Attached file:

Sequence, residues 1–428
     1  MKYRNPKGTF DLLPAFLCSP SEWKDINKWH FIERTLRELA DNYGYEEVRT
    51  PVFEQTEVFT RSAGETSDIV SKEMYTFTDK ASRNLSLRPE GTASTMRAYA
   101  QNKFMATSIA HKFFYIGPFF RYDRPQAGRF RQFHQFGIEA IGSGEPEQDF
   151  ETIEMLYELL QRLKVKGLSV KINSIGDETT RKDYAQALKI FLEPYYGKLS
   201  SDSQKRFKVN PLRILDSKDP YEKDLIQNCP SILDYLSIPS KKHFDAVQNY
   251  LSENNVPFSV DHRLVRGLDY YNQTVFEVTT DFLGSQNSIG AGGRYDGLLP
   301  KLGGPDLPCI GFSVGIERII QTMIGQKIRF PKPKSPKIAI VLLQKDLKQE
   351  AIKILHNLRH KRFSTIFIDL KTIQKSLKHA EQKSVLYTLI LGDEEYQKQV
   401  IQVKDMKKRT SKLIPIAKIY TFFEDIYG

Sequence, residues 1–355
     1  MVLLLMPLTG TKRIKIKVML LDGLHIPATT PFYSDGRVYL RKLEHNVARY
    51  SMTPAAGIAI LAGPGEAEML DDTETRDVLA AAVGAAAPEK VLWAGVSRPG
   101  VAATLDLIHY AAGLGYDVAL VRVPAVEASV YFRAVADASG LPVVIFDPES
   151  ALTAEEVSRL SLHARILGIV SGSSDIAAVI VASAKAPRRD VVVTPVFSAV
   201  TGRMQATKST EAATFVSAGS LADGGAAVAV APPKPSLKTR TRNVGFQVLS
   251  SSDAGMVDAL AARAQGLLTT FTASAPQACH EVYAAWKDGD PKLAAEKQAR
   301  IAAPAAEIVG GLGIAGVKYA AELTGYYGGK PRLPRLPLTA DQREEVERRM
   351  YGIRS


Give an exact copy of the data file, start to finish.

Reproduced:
Sequence, residues 1–428
     1  MKYRNPKGTF DLLPAFLCSP SEWKDINKWH FIERTLRELA DNYGYEEVRT
    51  PVFEQTEVFT RSAGETSDIV SKEMYTFTDK ASRNLSLRPE GTASTMRAYA
   101  QNKFMATSIA HKFFYIGPFF RYDRPQAGRF RQFHQFGIEA IGSGEPEQDF
   151  ETIEMLYELL QRLKVKGLSV KINSIGDETT RKDYAQALKI FLEPYYGKLS
   201  SDSQKRFKVN PLRILDSKDP YEKDLIQNCP SILDYLSIPS KKHFDAVQNY
   251  LSENNVPFSV DHRLVRGLDY YNQTVFEVTT DFLGSQNSIG AGGRYDGLLP
   301  KLGGPDLPCI GFSVGIERII QTMIGQKIRF PKPKSPKIAI VLLQKDLKQE
   351  AIKILHNLRH KRFSTIFIDL KTIQKSLKHA EQKSVLYTLI LGDEEYQKQV
   401  IQVKDMKKRT SKLIPIAKIY TFFEDIYG

Sequence, residues 1–355
     1  MVLLLMPLTG TKRIKIKVML LDGLHIPATT PFYSDGRVYL RKLEHNVARY
    51  SMTPAAGIAI LAGPGEAEML DDTETRDVLA AAVGAAAPEK VLWAGVSRPG
   101  VAATLDLIHY AAGLGYDVAL VRVPAVEASV YFRAVADASG LPVVIFDPES
   151  ALTAEEVSRL SLHARILGIV SGSSDIAAVI VASAKAPRRD VVVTPVFSAV
   201  TGRMQATKST EAATFVSAGS LADGGAAVAV APPKPSLKTR TRNVGFQVLS
   251  SSDAGMVDAL AARAQGLLTT FTASAPQACH EVYAAWKDGD PKLAAEKQAR
   301  IAAPAAEIVG GLGIAGVKYA AELTGYYGGK PRLPRLPLTA DQREEVERRM
   351  YGIRS